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Data loss can be a significant set back to you especially with the government sanctions on imposed fine for user data loss.

To mitigate damages resulting from either a physical catastrophe or an attack by malicious hackers, regular backup is deemed necessary as a way of disaster recovery plan.

With PostgreSQL, there are fundamentally different approaches to conducting back up of data, and these include:

  • File system backup which involves directly making copies of the files that PostgreSQL uses to store data in the database.
  • Continuous archiving and point-in-time recovery which involves logs backed up and restored when needed, and database restored into consistency by replaying the entries made during the last checkpoint.
  • SQL dump which involves generating the commands that are used to create the database and saving them into a file. When this file is run, the SQL commands will be used to recreate the database again on a simple template.

In this guide, you learn how to make a backup and conducting a restoration on a database using SQL dump.

Before you Start

In order to achieve this task, the following conditions need to be met:


pg_dumpis the official PostgreSQL database utility that is used for database backup.

You are going to create your own sample database so as to back it up and restore.

$ sudo -i -u postgres psql
# c sampledb;
# CREATETABLE sampleTable(
# sampledb(# tableID SERIAL PRIMARY KEY,
# sampledb(# firstname VARCHAR,
# sampledb(# lastname VARCHAR,
# sampledb(# age INT);
# CREATETABLE sampleTable2(
# tableID INTREFERENCES sampleTable(tableID),
# location VARCHAR,
# monthsINT);


Exit your database and create your backup in a simple plain text format.

$ pg_dump sampledb > sampledb.sql

When you view the dumped data in the sampledb.sql file, it should look similar to the following extract of the whole file.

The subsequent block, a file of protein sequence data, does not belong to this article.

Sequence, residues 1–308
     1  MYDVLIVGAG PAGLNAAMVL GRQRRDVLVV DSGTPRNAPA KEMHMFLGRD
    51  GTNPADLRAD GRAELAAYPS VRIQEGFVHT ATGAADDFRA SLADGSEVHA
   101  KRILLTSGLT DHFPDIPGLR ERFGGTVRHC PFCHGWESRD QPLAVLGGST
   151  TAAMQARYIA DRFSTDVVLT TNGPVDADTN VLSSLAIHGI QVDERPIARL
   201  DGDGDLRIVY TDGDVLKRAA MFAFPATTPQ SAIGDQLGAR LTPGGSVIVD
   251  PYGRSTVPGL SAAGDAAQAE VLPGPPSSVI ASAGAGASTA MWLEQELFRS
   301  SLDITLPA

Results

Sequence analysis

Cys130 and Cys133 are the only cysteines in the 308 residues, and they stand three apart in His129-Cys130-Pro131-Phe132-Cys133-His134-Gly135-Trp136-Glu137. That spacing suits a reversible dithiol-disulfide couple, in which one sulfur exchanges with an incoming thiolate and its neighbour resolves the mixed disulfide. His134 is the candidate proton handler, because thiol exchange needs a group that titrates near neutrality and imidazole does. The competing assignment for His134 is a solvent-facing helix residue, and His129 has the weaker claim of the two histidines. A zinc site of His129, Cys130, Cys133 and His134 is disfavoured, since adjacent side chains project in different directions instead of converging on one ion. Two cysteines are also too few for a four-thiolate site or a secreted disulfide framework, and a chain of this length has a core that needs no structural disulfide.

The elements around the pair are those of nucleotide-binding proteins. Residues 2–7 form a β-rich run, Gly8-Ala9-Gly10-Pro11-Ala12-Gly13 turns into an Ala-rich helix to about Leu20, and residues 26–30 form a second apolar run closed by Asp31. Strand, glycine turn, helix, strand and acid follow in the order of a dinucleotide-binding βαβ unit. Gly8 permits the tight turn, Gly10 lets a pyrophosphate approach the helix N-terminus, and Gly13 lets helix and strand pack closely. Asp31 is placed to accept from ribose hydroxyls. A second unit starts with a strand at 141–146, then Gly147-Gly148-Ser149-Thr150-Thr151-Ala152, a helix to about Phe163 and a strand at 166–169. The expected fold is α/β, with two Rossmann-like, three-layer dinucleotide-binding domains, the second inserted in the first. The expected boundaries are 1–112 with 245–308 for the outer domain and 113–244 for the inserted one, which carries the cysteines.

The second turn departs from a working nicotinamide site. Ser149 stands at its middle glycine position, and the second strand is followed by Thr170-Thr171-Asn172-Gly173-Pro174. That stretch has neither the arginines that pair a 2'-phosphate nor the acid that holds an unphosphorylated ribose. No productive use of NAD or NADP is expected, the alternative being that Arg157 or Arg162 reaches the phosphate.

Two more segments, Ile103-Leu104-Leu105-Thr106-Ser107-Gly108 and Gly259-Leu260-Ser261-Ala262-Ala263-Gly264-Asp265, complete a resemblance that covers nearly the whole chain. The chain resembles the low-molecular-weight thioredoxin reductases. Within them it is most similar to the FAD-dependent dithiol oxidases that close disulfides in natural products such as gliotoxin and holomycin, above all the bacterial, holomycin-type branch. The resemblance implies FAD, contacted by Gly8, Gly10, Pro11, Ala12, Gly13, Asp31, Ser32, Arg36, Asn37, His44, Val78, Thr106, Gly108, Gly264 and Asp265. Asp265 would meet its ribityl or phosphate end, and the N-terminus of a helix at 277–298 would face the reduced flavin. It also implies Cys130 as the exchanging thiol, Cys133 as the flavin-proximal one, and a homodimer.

-- PostgreSQL database dump

-- Dumped from database version 10.5 (Ubuntu 10.5-0ubuntu0.18.04)
-- Dumped by pg_dump version 10.5 (Ubuntu 10.5-0ubuntu0.18.04)

SET statement_timeout = 0;
SET lock_timeout = 0;
SET idle_in_transaction_session_timeout = 0;
SET client_encoding = 'UTF8';
SET standard_conforming_strings = on;
SELECT pg_catalog.set_config('search_path', '', false);
SET check_function_bodies = false;
SET client_min_messages = warning;
SET row_security = off;

-- Name: plpgsql; Type: EXTENSION; Schema: -; Owner: 

You may decide to dump the data in your VPS a file format that is deemed more suitable for larger databases which is the compressed method. You can use the following command forthe same.

You can use the following file to compress the file to a compressed binary format.

$ pg_dump -Fc sampledb > sampledb.bak

You may also use the following command to backup your database in a tarball file format.

$ pg_dump -Ft sampledb > sampledb.tar


You will now drop the database form the PostgreSQL command line view and exit.

# DROPDATABASE sampledb;
# q

Pg_restoreis the database utility provided by PostgreSQL to restore your database.

Please note you must create the database that you will restore your data in.

$ createdb sampledb

If it exists from a template, you can use the following command if your database is in a .bak file format.

$ pg_restore -sampledb -Fc sampledb.bak

If it is in a .tar file format, then use the following command:

$ pg_restore -d sampledb -Ft sampledb.tar


You have successfully backed up and restored your database using the pg_dumpand pg_restore database utilities.

Please note that this method only backs up one database at a time and does not back up the different roles that are assigned to it since it is considered not to be within the scope of the database. If you want to backup every database including the various roles you can use thepg_dumpalldatabase utility in the format below:

$ pg_dumpall > dumpfile

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